Now the brothers had to face the prospect of some nights apart—the very thing that Ma had said should not occur—while Jackson went ahead to sell his labor for a day or two and obtain some food. He’d leave his brother with their knives, the leaking water bag, the spark stone, the pair of tarps, their change of clothes, and make do trading with his strength and overcoat. That heavy, much–loved overcoat that his mother had stitched together from four farm goats would have to go, despite the colder days ahead. It was the one thing the brothers had that, though it had not quite been admired, had certainly been noticed by strangers. Being noticed might prove to be a handicap as they got closer to the lawless coast. So trading on the goats would be advisable. With any luck, Jackson would soon return with provisions and possibly the part share of an onward–going horse, or at least the purchase of a cart ride among the women, the children, and the old for his unmanly brother. Once in Ferrytown, if the worse came to the worst, they could pass the winter in relative safety. For the time being, though, Franklin would have an uncomfortable few nights on the mountainside; Jackson would have a proper bed. The best that Franklin could hope for was a mattress of pinecones.
Franklin might not be on his own entirely. Already he could hear the chirring of insects, the whistle of quails, and the barking of deer. And there was a boulder hut—evidently occupied, though possibly by lunatics or bandits, Jackson warned, amused to alarm his brother—on the edge of the tree line a hundred paces off, where a large but unmaintained bald had been burned clear by hunters. There was no movement from within, so far as they could tell, just smoke. “Keep your distance. That’s best.”
And Franklin would not be entirely out of touch with his brother and their shared hopes. Despite the pain in his knee, he had succeeded in reaching the final woody swaggings in the sash of hills where there were almost uninterrupted views to the east. His hopes of getting free from America could be kept alive by a distant prospect of the lake, the town, and the longed–for river crossing, after which, they’d been told, the going was less hilly, though punishing in more unusual ways.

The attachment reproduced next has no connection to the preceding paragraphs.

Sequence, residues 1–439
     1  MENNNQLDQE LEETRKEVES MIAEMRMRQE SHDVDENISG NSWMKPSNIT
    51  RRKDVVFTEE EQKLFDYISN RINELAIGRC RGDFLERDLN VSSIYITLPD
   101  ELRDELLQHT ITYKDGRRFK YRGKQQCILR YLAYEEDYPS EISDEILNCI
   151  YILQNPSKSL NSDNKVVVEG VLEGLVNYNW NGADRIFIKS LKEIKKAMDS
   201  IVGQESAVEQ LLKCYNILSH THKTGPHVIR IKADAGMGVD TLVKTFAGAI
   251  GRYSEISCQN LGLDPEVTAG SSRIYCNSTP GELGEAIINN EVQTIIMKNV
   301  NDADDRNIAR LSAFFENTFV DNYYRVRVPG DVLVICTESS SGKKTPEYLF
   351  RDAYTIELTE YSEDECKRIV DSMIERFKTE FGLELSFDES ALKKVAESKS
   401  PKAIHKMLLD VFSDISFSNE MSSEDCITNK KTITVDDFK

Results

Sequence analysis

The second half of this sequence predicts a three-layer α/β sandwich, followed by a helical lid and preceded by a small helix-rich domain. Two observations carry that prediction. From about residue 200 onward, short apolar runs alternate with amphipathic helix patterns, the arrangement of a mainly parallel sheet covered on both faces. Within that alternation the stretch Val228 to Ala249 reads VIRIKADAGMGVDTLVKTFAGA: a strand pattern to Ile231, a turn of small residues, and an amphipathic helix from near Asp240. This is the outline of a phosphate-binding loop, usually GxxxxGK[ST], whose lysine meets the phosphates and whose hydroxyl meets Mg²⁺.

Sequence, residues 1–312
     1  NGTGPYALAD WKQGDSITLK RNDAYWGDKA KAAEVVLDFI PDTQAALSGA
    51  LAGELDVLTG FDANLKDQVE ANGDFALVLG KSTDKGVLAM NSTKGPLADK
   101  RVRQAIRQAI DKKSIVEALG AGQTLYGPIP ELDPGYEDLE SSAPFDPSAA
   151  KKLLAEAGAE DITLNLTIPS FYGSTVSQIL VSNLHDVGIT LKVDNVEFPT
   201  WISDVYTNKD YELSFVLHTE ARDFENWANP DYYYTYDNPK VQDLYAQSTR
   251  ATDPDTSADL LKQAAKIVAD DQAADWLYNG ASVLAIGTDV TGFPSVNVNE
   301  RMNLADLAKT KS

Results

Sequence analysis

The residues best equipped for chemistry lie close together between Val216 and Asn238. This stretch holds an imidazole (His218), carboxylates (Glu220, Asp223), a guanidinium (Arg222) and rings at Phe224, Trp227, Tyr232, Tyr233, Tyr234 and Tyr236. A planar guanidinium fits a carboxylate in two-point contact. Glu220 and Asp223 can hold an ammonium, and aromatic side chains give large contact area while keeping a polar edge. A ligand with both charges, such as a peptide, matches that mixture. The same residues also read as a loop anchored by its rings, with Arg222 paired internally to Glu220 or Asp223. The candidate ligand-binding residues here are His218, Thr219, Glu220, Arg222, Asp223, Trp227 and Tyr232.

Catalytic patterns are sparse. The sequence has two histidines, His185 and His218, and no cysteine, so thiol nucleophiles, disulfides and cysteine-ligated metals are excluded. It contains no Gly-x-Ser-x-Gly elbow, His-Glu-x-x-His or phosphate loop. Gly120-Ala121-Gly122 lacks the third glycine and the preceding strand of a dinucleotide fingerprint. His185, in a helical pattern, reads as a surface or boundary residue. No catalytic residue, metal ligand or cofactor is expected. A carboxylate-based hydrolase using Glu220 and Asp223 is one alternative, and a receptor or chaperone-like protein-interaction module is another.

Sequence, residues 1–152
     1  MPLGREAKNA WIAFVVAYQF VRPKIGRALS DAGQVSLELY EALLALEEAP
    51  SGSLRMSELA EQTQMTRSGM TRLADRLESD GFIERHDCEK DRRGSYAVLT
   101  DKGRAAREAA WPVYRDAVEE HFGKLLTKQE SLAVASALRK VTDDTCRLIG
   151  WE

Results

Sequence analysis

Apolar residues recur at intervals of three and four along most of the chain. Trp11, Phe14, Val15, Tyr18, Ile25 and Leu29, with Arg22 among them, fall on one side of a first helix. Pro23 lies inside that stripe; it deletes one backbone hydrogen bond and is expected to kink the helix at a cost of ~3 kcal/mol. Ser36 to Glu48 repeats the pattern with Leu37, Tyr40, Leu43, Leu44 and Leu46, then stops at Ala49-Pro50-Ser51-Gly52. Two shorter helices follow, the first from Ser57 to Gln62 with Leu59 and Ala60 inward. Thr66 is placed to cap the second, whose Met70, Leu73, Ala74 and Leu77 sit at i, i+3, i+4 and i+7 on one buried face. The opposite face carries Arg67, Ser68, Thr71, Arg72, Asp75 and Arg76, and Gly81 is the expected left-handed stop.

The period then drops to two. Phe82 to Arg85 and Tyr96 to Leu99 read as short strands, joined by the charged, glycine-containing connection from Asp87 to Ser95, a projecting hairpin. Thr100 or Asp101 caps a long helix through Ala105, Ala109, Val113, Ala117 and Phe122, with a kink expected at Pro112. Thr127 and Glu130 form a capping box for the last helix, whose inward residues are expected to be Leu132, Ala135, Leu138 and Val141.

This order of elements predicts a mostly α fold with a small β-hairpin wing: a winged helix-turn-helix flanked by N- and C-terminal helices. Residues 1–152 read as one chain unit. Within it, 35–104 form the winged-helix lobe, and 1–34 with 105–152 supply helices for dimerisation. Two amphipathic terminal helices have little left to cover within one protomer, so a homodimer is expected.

It was late afternoon when his elder, tougher, taller brother shook his hand and set off down the track, promising to come back to the swaggings within three days. The dusk was already pushing daylight back into the sun. Jackson would barely reach Ferrytown before dark. But he was fit and well, not injured yet, and unlike all the travelers still on the descent with their carts and sledges, their mules and wheelbarrows, he was unencumbered by anything other than his coat. Unlike the mule trains, with their whistle–nagging masters, and the packhorses, with their bridle bells foretelling all the merriments ahead, he descended silently down the twists of Butter Hill, as it was known locally. (A hill so tortuous and uneven, they claimed, that any milk carried up or down it would be jolted and churned into butter.) You could not miss him, though, even in that gloaming. He was so much taller than the rest and hurrying like a man who was counting on a hot supper, and walking even taller than himself, actually, catlike and stretched (while Franklin walked shrinkingly, his shoulders bunched). The pinto patterns of the goatskins marked him out as someone of account, the sort of man who should be welcome and respected anywhere he went.
Franklin had not dared say so to his brother, but he was more than nervous of the nights ahead. It was not so much the unlikely prospects on such a busy route of cougars, bears, and snakes or the more certain prospect (on such a busy route) of human parasites that bothered him. Although he might not be as imposing as his brother—he was much lighter, easier in his skin, and so less dangerous—he was still big and strong enough to take good care of himself should he have no choice, even with Jackson by now far beyond his call. He had two knives. And there were rocks and branches with which to defend himself if any creature, beast or man, were ill–advised enough to take him on. But he was uneasy nevertheless, for no man’s tall enough to fend off darkness, shadows, damp, and all the lonely terrors of the night.From the Hardcover edition.
Excerpted from The Pesthouse by Jim Crace. Copyright © 2007 by Jim Crace. Excerpted by permission of Vintage, a division of Random House, Inc. All rights reserved. No part of this excerpt may be reproduced or reprinted without permission in writing from the publisher.